Friday, Jan. 12, 2018
Young adults raised in Pampas Grande — a small farming village perched more than 12,000 feet above sea level in the Andes Mountains of Peru — often leave in pursuit of a more prosperous future in Lima and other bustling cities. They lead a life away from the clear air and terraced agricultural fields that are cut into the slopes surrounding their hometown.
As the village’s youth flock to urban areas, older generations choose to stay and continue a traditional lifestyle on lands often held by families for generations. This trend can negatively impact older adults, who are left with minimal living assistance and are isolated due to Pampas Grande’s remoteness, said Denise Burnette, Ph.D., professor and Samuel S. Wurtzel Endowed Chair in the Virginia Commonwealth University School of Social Work.
Burnette, who studies aging populations in a global context, said despite the hardships, these residents often prefer to stay in Pampas Grande instead of joining their children in Peru’s cities.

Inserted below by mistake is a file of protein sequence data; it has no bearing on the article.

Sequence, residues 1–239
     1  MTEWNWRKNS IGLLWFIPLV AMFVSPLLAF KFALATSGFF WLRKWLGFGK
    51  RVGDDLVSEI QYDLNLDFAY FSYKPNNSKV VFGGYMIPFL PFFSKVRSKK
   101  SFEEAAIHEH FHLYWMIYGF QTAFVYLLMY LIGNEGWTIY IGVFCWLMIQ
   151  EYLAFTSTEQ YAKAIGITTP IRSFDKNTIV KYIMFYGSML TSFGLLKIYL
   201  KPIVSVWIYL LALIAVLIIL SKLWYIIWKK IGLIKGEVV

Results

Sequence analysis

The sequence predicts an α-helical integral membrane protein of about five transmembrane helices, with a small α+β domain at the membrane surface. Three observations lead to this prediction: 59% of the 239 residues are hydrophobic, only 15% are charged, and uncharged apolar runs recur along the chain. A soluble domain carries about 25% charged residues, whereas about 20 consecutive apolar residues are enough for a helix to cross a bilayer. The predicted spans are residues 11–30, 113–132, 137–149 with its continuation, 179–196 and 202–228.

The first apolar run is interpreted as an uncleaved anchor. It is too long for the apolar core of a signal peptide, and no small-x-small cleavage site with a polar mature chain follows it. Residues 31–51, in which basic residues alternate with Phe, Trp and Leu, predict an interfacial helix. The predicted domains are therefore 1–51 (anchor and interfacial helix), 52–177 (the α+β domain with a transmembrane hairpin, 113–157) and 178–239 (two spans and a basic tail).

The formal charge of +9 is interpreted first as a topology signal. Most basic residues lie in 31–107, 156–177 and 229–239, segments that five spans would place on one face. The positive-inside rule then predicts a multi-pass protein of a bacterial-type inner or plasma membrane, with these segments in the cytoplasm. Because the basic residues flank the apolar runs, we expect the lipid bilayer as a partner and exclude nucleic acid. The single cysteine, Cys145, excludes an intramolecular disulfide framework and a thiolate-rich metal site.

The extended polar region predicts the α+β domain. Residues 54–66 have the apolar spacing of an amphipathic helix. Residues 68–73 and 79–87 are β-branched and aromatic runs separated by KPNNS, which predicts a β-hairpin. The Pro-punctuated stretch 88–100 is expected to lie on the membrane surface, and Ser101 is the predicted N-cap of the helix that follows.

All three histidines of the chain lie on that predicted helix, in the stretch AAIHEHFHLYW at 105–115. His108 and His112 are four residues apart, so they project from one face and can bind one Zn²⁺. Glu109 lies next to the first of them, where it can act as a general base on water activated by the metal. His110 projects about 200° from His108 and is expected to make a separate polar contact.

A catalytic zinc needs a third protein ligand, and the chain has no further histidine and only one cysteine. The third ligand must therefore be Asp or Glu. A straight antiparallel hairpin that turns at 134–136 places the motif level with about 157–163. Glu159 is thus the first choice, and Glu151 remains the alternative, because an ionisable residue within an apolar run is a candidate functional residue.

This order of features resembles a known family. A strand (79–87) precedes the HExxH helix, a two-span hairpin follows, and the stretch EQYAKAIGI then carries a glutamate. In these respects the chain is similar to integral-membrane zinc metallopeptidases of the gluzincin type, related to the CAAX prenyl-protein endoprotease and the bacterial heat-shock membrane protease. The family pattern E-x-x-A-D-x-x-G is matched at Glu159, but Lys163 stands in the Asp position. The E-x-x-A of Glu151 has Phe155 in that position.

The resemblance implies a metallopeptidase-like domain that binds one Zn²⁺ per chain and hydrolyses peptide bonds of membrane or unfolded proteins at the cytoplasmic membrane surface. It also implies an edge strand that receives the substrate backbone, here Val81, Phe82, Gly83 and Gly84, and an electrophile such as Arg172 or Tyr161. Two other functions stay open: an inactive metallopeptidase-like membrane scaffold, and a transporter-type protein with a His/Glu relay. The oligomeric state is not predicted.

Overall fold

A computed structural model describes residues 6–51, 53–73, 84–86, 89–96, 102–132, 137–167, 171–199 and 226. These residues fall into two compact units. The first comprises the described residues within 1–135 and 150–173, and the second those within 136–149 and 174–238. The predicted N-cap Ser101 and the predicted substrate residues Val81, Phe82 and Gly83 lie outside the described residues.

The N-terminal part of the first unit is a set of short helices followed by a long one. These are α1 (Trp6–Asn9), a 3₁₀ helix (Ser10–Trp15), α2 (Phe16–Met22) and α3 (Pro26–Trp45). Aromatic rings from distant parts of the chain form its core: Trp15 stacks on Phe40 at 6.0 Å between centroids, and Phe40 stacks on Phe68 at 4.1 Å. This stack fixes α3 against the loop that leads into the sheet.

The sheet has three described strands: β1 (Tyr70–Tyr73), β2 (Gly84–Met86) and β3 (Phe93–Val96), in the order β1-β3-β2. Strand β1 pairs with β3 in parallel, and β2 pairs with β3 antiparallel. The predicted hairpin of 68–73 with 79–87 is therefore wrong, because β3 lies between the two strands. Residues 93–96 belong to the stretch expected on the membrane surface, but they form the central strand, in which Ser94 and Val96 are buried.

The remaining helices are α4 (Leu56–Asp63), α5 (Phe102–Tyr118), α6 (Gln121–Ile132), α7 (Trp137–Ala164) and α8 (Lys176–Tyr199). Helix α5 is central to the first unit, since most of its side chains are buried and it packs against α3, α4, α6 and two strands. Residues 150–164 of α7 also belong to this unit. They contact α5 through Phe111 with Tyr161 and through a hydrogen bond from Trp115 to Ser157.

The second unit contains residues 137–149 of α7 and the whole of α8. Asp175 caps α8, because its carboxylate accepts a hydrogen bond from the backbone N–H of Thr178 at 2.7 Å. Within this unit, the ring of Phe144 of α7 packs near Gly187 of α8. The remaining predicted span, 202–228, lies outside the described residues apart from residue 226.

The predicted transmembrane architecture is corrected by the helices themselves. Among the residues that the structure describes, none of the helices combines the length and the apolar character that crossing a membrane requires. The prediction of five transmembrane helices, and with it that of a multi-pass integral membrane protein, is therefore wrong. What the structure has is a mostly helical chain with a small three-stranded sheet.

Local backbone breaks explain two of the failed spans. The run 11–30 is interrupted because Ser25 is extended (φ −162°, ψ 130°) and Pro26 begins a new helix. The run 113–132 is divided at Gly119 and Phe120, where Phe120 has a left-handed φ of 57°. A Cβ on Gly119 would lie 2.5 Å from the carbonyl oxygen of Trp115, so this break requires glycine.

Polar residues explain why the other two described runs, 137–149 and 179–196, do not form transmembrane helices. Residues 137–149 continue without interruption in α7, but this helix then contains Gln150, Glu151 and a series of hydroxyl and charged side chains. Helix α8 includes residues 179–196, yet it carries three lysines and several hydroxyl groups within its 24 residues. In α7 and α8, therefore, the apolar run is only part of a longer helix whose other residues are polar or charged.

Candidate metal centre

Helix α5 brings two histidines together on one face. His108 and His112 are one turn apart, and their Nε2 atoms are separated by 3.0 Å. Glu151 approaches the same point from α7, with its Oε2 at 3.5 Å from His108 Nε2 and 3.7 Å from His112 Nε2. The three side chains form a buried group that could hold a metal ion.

We can’t leave our land. This is all we have ever known.
“We asked them, why don’t you want to go to Lima to live with your kids?” Burnette said. “They would say, ‘We can’t leave our chickens. We can’t leave our donkeys. We can’t leave our land. This is all we have ever known.’”
Burnette is developing an action plan, based on surveys and observations she has collected, for community stakeholders and remaining residents to age in place and remain independent.